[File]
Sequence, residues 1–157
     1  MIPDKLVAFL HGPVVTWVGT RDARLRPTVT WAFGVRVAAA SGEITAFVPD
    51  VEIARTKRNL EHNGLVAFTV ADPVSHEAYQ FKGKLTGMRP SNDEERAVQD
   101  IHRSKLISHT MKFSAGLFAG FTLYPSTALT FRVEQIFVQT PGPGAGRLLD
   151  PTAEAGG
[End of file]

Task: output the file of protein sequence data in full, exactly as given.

Sequence, residues 1–157
     1  MIPDKLVAFL HGPVVTWVGT RDARLRPTVT WAFGVRVAAA SGEITAFVPD
    51  VEIARTKRNL EHNGLVAFTV ADPVSHEAYQ FKGKLTGMRP SNDEERAVQD
   101  IHRSKLISHT MKFSAGLFAG FTLYPSTALT FRVEQIFVQT PGPGAGRLLD
   151  PTAEAGG